Atlantic ocean warming


The European Space Agency (Esa) has reported that some of the most intense marine heat increases globally are occurring in the seas around the UK and Ireland.

Water temperatures in these regions are measuring 3 to 4 degrees Celsius above the average for this time of year, with the sea being notably warm off the UK’s east coast from Durham to Aberdeen and off north-west Ireland.

Esa’s analysis, in conjunction with the Met Office, indicates that human-caused climate change is partly responsible for the warming, but other factors, both natural and man-made, are also contributing to the rising temperatures.

The warming sea poses serious threats to marine life, and prolonged periods of high sea surface temperatures known as marine heatwaves can lead to significant fish and sea life fatalities. Furthermore, such heat events can influence extreme weather patterns, with storm systems gaining more energy and becoming more intense and persistent.

The UK’s warm seas are occurring against a backdrop of a global spike in air and ocean surface temperatures in recent months. Global sea surface temperatures for April and May this year set record highs, with May’s average ocean temperature being 0.85 degrees Celsius above normal for the month.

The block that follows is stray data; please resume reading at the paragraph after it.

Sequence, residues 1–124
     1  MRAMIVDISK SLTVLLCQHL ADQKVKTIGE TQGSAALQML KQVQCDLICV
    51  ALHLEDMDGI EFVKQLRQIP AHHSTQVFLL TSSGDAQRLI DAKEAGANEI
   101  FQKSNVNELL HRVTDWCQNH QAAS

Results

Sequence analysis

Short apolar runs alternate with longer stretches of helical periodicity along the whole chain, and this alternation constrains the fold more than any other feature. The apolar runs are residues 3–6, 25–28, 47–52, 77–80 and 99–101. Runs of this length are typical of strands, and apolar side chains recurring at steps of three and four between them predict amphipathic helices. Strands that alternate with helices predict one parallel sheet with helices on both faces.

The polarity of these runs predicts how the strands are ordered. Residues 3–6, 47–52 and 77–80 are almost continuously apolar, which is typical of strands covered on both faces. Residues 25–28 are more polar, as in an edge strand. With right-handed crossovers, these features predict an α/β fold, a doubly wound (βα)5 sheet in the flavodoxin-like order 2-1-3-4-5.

“All of these elements are part of natural variation within the climate system which are coming together to elevate sea-surface temperatures to higher levels”, he says.

While some experts believe that these records don’t necessarily signify a climate tipping-point, it’s essential to keep long-term global temperatures below the critical 1.5 degrees Celsius threshold to mitigate the worst impacts of climate change.

The current high temperatures are expected to be temporary, but with the Pacific Ocean predicted to warm further due to the development of an El Ni├▒o event, more temperature records are likely to be broken in the coming months.

The North Atlantic is experiencing the most dramatic increase in sea surface temperature at present, with May temperatures being 1.25 degrees Celsius above the long-term average, the highest deviation ever recorded for a single month.

Scientists attribute this warming to climate change, driven by increasing carbon dioxide emissions. However, other factors might be at play, such as reduced Saharan dust in the atmosphere due to weaker than average winds, as well as changes in wind patterns and pollution from shipping.

As the Met Office forecasts continued hot weather, it’s crucial to understand the complexities of these temperature anomalies and their implications for marine ecosystems, weather patterns, and global climate. The collective efforts to address climate change and curb carbon emissions are of paramount importance to protect the delicate balance of Earth’s interconnected systems and safeguard the future of our planet.



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